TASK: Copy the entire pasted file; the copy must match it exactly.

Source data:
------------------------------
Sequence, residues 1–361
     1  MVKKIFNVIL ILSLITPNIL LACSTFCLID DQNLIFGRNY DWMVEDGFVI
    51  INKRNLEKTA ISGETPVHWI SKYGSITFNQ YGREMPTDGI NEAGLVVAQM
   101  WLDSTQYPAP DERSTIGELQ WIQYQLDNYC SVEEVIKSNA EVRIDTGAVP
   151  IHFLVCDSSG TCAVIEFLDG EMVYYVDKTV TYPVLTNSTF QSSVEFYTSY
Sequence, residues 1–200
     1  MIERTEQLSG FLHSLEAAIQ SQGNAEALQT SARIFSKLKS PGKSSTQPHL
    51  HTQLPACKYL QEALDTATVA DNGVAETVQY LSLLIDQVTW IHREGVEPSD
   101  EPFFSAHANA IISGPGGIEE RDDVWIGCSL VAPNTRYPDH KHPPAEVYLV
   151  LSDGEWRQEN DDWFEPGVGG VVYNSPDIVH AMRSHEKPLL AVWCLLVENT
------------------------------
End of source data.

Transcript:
Sequence, residues 1–361
     1  MVKKIFNVIL ILSLITPNIL LACSTFCLID DQNLIFGRNY DWMVEDGFVI
    51  INKRNLEKTA ISGETPVHWI SKYGSITFNQ YGREMPTDGI NEAGLVVAQM
   101  WLDSTQYPAP DERSTIGELQ WIQYQLDNYC SVEEVIKSNA EVRIDTGAVP
   151  IHFLVCDSSG TCAVIEFLDG EMVYYVDKTV TYPVLTNSTF QSSVEFYTSY
Sequence, residues 1–200
     1  MIERTEQLSG FLHSLEAAIQ SQGNAEALQT SARIFSKLKS PGKSSTQPHL
    51  HTQLPACKYL QEALDTATVA DNGVAETVQY LSLLIDQVTW IHREGVEPSD
   101  EPFFSAHANA IISGPGGIEE RDDVWIGCSL VAPNTRYPDH KHPPAEVYLV
   151  LSDGEWRQEN DDWFEPGVGG VVYNSPDIVH AMRSHEKPLL AVWCLLVENT